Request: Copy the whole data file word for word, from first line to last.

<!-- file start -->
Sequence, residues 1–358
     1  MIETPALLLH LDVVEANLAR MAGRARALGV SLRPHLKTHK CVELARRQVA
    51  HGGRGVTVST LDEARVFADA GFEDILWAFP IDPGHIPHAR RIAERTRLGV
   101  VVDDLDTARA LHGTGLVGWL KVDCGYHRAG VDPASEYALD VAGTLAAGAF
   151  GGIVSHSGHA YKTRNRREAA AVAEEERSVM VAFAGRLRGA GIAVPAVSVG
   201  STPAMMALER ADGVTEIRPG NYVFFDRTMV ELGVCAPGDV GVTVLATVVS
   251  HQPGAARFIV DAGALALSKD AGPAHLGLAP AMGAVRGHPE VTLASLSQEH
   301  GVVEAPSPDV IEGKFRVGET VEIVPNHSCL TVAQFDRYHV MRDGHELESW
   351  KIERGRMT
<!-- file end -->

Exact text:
Sequence, residues 1–358
     1  MIETPALLLH LDVVEANLAR MAGRARALGV SLRPHLKTHK CVELARRQVA
    51  HGGRGVTVST LDEARVFADA GFEDILWAFP IDPGHIPHAR RIAERTRLGV
   101  VVDDLDTARA LHGTGLVGWL KVDCGYHRAG VDPASEYALD VAGTLAAGAF
   151  GGIVSHSGHA YKTRNRREAA AVAEEERSVM VAFAGRLRGA GIAVPAVSVG
   201  STPAMMALER ADGVTEIRPG NYVFFDRTMV ELGVCAPGDV GVTVLATVVS
   251  HQPGAARFIV DAGALALSKD AGPAHLGLAP AMGAVRGHPE VTLASLSQEH
   301  GVVEAPSPDV IEGKFRVGET VEIVPNHSCL TVAQFDRYHV MRDGHELESW
   351  KIERGRMT